KARIN ZASTROW

blogging about DIRECT LEADERSHIP

Posts Tagged ‘leadership operating system

Leadership Deliverables and How to Cook an Omelet

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Yesterday I gave a webinar organized by Quidam Global in Mexico.

The topic was the correlation between the practice of Direct Leadership™ and Employee Performance. The webinar was my first occasion to speak about how the deliverables defined in my model of day-to-day leadership will directly translate into what we desire to achieve among our employees.

Afterwards I thought about how to best describe the difference between deliverables and the more commonly addressed topics of culture, competencies or personalities.

I believe the answer is to take our eyes away from the infinite variety of competencies, cultural differences, personalities that makes every workplace and every team a unique place. Instead, we need to get up into the helicopter, rise above the trees of the forest and look at the bigger picture.

Only when we do so can we see the deliverables as the manifestation of all those other ingredients.

In a way you could compare it to cooking an omelet.

To make let’s say a mushroom omelet, you need eggs, milk, butter, salt, pepper and mushrooms. However, neither looking at the separate ingredients, nor tasting each of them will give you the same experience as tasting the end result.

Eggs, milk, butter, salt, pepper and mushrooms are comparable to cultures, competencies, and personalities. The finished omelet is the deliverable.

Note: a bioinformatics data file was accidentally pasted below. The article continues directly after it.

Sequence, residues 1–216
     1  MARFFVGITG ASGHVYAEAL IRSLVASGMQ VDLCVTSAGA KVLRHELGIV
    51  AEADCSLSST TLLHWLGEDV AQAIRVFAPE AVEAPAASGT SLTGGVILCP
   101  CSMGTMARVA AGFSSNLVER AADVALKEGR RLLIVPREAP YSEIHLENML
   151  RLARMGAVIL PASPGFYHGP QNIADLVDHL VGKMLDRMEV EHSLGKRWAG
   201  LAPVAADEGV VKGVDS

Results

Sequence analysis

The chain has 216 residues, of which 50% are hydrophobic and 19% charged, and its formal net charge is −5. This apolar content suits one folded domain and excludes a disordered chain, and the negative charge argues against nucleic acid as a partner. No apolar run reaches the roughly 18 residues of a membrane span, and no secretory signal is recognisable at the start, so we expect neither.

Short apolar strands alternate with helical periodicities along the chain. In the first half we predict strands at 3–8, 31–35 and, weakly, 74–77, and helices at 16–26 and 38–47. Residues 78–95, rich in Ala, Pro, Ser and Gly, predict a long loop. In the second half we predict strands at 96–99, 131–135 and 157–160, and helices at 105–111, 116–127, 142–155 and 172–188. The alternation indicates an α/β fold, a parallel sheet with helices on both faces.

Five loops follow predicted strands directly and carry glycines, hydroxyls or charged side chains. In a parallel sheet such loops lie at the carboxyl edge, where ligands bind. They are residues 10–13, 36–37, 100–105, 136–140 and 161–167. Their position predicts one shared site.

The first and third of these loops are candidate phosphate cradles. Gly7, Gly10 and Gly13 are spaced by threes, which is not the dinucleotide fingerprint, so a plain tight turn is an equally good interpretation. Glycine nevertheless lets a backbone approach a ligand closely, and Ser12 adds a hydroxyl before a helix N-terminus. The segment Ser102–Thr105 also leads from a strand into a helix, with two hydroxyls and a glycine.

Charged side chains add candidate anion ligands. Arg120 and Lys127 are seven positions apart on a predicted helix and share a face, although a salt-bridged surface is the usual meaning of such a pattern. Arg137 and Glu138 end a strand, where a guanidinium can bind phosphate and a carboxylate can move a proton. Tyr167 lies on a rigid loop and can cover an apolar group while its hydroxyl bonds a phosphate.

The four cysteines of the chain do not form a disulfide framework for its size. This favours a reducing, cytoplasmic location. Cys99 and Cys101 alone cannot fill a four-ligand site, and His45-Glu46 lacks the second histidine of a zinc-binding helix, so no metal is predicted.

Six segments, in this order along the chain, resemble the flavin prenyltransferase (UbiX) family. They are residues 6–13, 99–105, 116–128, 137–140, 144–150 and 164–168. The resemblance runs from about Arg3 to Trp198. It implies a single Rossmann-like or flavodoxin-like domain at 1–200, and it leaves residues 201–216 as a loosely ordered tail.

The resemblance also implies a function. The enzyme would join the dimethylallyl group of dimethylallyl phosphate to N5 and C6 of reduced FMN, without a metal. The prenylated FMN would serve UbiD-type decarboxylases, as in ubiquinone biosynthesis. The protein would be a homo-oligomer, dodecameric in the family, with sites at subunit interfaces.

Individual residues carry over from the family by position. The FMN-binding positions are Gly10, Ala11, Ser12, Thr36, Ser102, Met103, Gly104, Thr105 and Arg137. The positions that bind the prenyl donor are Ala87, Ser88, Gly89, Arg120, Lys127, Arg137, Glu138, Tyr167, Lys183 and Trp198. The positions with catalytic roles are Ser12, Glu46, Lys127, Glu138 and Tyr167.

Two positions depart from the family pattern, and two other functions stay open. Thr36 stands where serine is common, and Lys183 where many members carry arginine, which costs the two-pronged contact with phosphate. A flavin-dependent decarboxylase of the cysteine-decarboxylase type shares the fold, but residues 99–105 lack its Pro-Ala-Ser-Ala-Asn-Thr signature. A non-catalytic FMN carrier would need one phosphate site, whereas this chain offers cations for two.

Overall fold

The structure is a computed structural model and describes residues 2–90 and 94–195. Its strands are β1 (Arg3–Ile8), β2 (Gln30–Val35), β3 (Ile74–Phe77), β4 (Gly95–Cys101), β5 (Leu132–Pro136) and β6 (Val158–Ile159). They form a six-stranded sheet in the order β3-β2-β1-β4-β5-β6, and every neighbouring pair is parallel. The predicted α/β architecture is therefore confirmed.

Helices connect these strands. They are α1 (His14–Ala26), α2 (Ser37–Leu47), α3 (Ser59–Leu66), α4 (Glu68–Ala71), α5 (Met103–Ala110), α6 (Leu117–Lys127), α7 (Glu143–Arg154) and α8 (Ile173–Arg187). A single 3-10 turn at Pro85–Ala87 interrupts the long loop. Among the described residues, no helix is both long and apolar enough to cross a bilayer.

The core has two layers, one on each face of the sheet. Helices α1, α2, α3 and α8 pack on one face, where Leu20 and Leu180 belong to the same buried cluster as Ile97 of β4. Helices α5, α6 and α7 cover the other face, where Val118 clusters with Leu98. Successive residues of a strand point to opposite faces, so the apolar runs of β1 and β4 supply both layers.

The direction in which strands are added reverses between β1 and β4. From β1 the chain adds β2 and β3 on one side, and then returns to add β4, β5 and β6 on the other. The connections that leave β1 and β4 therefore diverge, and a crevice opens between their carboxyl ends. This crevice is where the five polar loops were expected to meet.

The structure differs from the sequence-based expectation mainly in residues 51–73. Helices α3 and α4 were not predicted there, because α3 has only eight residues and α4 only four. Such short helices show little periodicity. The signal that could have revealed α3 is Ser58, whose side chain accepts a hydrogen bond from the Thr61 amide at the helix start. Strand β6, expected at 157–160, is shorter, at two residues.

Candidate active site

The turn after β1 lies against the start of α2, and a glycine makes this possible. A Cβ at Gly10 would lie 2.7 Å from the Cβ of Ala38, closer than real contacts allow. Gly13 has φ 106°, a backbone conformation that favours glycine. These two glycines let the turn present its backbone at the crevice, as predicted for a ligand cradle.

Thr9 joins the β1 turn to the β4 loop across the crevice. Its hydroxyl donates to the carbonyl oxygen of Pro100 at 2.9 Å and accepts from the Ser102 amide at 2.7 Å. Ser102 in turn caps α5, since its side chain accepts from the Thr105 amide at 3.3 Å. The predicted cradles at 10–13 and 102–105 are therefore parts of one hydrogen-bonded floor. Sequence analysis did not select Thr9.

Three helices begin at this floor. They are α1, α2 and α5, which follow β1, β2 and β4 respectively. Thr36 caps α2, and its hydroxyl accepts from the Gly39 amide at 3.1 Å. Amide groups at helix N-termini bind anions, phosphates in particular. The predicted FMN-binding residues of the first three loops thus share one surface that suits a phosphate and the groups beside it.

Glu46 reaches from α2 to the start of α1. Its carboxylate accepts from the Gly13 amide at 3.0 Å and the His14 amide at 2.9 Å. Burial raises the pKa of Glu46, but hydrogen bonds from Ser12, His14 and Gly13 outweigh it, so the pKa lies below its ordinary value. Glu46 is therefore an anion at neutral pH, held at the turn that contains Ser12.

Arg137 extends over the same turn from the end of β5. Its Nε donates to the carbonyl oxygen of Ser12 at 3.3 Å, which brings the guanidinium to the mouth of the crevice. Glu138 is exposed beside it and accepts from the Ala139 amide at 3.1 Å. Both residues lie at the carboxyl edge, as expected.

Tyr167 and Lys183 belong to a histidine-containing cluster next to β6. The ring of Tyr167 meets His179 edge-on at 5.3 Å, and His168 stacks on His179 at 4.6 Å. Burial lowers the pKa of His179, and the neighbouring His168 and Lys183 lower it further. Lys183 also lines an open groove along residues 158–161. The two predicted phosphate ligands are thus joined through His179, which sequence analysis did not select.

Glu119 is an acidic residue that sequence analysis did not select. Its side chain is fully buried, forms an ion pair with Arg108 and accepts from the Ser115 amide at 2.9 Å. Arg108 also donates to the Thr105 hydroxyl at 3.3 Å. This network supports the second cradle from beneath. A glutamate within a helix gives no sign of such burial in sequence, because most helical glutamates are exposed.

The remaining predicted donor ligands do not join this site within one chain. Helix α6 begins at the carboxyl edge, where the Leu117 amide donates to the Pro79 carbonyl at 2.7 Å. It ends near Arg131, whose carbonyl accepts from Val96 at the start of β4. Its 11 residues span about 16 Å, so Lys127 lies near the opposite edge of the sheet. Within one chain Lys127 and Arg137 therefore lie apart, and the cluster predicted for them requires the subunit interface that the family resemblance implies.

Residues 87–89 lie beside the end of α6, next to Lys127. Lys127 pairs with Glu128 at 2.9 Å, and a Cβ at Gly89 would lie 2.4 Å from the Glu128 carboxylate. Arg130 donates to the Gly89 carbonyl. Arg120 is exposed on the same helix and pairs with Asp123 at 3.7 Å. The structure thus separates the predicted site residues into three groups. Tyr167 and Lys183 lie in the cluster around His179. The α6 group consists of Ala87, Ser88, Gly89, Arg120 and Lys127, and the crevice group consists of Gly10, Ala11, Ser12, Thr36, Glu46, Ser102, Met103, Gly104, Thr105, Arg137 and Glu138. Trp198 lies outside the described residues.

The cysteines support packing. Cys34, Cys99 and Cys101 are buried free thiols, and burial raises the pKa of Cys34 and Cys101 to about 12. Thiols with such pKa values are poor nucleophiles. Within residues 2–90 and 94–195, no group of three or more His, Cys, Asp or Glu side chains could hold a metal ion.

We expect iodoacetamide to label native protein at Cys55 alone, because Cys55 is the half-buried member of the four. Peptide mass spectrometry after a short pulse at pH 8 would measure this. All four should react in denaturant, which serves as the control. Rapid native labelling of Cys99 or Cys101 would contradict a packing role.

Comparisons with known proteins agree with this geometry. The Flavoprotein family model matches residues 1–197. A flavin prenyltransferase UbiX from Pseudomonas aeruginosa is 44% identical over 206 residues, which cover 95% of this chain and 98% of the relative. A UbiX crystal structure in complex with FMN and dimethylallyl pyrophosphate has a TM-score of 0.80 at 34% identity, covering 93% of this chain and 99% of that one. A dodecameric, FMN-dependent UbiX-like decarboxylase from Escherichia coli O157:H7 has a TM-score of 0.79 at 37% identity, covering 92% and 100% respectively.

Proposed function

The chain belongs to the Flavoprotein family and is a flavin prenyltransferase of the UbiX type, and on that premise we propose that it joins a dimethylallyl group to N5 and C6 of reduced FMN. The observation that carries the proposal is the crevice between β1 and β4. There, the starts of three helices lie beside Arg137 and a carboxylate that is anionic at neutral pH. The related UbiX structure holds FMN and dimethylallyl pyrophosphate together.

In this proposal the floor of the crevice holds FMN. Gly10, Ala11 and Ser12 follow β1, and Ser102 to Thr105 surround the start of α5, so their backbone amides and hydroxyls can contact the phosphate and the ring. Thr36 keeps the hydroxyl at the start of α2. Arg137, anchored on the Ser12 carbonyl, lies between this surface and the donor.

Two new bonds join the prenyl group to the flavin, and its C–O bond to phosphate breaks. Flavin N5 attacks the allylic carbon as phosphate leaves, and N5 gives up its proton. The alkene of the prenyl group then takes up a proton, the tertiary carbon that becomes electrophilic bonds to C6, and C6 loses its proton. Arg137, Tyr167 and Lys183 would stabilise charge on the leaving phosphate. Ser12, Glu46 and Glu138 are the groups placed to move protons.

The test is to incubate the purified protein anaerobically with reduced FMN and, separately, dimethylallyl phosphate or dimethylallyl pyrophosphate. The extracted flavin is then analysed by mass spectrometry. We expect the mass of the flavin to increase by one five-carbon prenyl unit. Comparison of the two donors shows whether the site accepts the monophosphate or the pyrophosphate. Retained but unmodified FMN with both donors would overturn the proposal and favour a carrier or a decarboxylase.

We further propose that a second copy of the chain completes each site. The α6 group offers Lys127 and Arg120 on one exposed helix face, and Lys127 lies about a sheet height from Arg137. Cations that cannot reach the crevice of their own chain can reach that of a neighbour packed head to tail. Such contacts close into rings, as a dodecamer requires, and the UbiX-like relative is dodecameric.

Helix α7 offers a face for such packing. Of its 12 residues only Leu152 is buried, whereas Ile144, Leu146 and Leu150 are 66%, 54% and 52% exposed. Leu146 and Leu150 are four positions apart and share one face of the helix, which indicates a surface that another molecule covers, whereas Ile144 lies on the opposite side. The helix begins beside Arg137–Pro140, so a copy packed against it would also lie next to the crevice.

Let me be clear, I do not suggest ignoring culture, competencies and personalities.

However, I do urge you to understand that these are only means to produce the deliverables. Exactly like eggs, milk, butter and mushrooms are essential to produce a mushroom omelet, but not equal to an omelet.

The Direct Leadership™ Model describes and allows you to measure those very deliverables when it comes to day-to-day leadership.

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Don’t mention the War!

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At first I thought I had not heard him, but when he repeated, I realised my mind had simply not been able to grasp what he said.

It was just a few weeks ago, so the year was 2012 and not 1952. I was on a plane back from the wedding party of some friends living abroad, and the man next to me and I had struck up a conversation, first over the books we each were reading, then over what kind of work we were each doing.

And as it so often happens when I say that my business is ”everyday leadership” the conversation turned to how my co-traveller experienced leadership at the state-owned research institution where he was working.

And then he told me. ”At our organisation, we recently had this employee satisfaction survey. But it was made quite clear that if we were critical when replying to the questions about our leaders, our replies would only be taken into consideration if we abandoned the anonymity that applied for the rest of the survey.” And he continued: ” To me this tells that leaders are not appointed according to their competencies, but because they are friends of the existing leaders.”

That was when the words of the headline (made immortal by John Cleese in the BBC sitcom Faulty Towers) came to my mind.

We want to measure employee satisfaction – but do not mention your leaders for anything but their virtues!

As I said, at first I could not believe that I actually heard this.
Second thought: ”they must not have any professionals involved”, so I checked if I were right.
But the reply was: ”Oh definitely, a well-known consulting company specialised in employee satisfaction was involved!”

I rest my case…

 

(oh, to see that particular episode of Fawlty Towers, click here http://www.youtube.com/BBCComedyGreats )

What is your leadership mother tongue?

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In my last blog post I shared my musings about the need for a leadership operating system, which followed a series of meetings with colleagues around the globe.